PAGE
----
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Personal views of the internet by writers at the forefront of the debate, with an opportunity to contribute your own opinion.

Mez Breeze

MEZ [Mary-Anne Breeze] is an electrostatix artist who gets labelled "net.artist" and "multimedia practitioner" with terminal regularity. She holds degrees in Applied Social Science & Creative Arts, and has exhibited in a multitude of venues both online and off [including CTHEORY’s Digital Dirt, Experimenta Media Arts, and SIGGRAPH]. Mez currently bastardises her arts practice via arts journalism to produce her chrome hypaTeXtian visions: www.wollongong.starway.net.au/

Past Opinions

Dale Spender: National Computer Strategy

Theodore Roszak: Shakespeare Never Lost a Document to a Computer Crash

Liz Bailey: Britgrrls No Bark and No Byte?

Mark Amerika: Culture Without Lawyers: Does Art Want to be Free?

Bill Thompson: Literature that REALLY Counts

Ami Isseroff: Will the Web Change Anything?

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Mez Breeze

In the Age of the Online Female: to Game or Not to Game

This month, Opinion is presented in conjunction with NOW99, Nottingham's festival of arts for today. The NOW festival is ten years old, and through a decade of bold and innovative programming, it has become one of the most exciting festivals of its kind in the UK today, bringing to Nottingham some of the most groundbreaking artists and commissions of the 90's. http://www.nowfestival.org.uk

The Age of the Online Female is here. Women saturate the Net in all its glory, digitally pirouetting through a domain previously reserved for the male whilst embracing endlessly spawning technologies and tools, shouting "Viva la Cyberfeminism" at every textual opportunity.

Yeah right.

Am I taking the proverbial piss? Maybe. Or rather, am I imbuing my text with a heavy dose of Socratic irony? Possibly. Whether you are a Rampantly Devoted Advocate of the Order of Statistics and believe that women are flocking to get connected, jilled [as opposed to jacked] in, wired to the eyeballs at an alarming rate or alternatively we are largely wallowing in a State of Neo-Ludditeism is up to you. What I want to alert you to is the fact that although "women" en masse seem to be actively engaging with/in the technosphere and wrestling with various online masculine-drenched niches, one significant area of female online exploration - that of gaming - seems to be sliding almost unnoticed past the majority of post-modem feminist critiqu[h]ers.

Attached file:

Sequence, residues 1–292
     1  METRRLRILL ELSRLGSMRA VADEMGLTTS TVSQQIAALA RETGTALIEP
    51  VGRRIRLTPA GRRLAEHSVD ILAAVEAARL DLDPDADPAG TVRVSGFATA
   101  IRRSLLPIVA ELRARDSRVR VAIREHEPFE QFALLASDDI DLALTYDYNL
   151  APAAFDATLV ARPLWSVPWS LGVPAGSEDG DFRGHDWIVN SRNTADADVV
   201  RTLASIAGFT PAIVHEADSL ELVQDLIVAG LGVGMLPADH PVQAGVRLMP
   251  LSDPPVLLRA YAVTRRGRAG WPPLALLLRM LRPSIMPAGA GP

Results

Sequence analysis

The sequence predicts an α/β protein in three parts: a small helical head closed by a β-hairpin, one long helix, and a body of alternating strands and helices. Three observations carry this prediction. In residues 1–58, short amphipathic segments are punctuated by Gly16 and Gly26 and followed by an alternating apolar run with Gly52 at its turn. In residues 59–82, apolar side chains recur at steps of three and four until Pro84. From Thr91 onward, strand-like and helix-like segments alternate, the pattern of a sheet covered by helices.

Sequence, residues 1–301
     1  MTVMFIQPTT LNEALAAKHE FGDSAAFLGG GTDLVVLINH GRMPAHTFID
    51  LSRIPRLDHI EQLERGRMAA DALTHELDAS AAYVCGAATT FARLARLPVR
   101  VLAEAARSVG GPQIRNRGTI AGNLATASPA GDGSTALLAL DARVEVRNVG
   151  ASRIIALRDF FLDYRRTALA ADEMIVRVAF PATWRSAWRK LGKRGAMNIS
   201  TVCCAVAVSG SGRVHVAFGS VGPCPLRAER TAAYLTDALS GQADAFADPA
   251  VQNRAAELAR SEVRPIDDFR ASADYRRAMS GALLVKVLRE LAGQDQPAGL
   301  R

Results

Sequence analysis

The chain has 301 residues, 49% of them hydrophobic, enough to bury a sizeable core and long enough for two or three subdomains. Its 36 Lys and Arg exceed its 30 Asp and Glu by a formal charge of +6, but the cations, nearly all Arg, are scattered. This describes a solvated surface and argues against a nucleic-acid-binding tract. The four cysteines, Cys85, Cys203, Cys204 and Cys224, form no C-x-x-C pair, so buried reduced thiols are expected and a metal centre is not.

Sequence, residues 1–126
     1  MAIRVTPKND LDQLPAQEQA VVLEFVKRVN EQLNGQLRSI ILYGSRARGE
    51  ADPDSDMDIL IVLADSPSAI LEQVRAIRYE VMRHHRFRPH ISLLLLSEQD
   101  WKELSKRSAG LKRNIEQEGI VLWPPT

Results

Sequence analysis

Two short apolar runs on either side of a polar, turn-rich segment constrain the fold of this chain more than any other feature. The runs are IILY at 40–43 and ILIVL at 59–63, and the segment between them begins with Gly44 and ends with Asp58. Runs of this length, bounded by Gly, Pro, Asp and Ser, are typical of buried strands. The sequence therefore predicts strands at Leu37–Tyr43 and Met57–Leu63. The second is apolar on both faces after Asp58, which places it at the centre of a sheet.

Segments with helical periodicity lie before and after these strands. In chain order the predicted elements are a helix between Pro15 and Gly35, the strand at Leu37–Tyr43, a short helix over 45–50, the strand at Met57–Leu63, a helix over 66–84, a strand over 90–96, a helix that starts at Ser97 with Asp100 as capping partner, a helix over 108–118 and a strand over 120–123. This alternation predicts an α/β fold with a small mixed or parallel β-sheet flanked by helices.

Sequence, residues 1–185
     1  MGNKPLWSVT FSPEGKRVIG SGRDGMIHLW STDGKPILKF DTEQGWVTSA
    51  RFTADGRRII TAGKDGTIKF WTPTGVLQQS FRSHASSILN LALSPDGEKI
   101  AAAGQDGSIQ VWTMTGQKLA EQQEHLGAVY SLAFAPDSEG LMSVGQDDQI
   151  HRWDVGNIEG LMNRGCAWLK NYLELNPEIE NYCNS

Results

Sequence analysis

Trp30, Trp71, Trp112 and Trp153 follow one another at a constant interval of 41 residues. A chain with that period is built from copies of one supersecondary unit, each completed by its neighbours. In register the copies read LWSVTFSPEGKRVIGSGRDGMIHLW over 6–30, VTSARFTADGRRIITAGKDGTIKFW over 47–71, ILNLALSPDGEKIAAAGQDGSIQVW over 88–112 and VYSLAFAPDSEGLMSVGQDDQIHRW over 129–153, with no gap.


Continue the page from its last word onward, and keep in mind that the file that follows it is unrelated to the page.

I love the renowned pop-iconic representations of the brash tailor-made-for-war female [I’d type ‘Grrl’ but that just seems so spicegirly passť] like Xena, Aeon Flux, Tank Girl - all tough, fictional, fantasized symbols of a gender seeking to translate itself into a cultural zone usually reserved for the hero type, as in online game scenarios. What tugs my interest tendril is that if females are actively participating in these online games, whether these first person perspective shoot-em-up game spaces with limited narrative parameters and action choices [such as is presented in games such as Quake 1 & 2 and Everquest] encourage certain traits that link intrinsically to a masculine way of thinking.

Not that thinking in a masculine way is in itself undesirable, and not all male players choose to convey a dominant, ruthless, controlling-based style of gameplay. What I want to assert here is that games played online largely seem to cater for those [both male and female] that are comfortable with fitting into a power structure replete with gender imbalances and awkward representations of the both sexes. Some games try to combat this mentality, such as in Everquest; where the choice to be male or female does not influence your skill base and both sexes are equal in this regard. However, when real-life players are thrown into the mentality mix a different set of values take over - such as real life males deliberately choosing to be a sexy humanoid female character in order to get other male players to be more overtly charitable. Despite the lovely irony apparent here [a male giving a poor helpless ‘M’lady’ a swathe of gold who isn’t a lady at all] the masculine [read dominant, ruthless, experientially based] attitude becomes more than apparent, in that the power play is obviously carried out in a style designed to promote an inherent advantage through a controlling act. In order to progress/advance/complete the game [i.e.win], these types of tactics seem hardwired into the gameplay itself.

What would happen, however, if the reverse held true? If the overarching purpose of these multiplayer games was to turn competition into altruism, make winning a secondary adjunct to the nature of the game itself? Would a more feminine/female aesthetic become pronounced and sell just as many games and be as voraciously popular? Hopefully the answer is lurking just around the next cyberfeminist respawn point.

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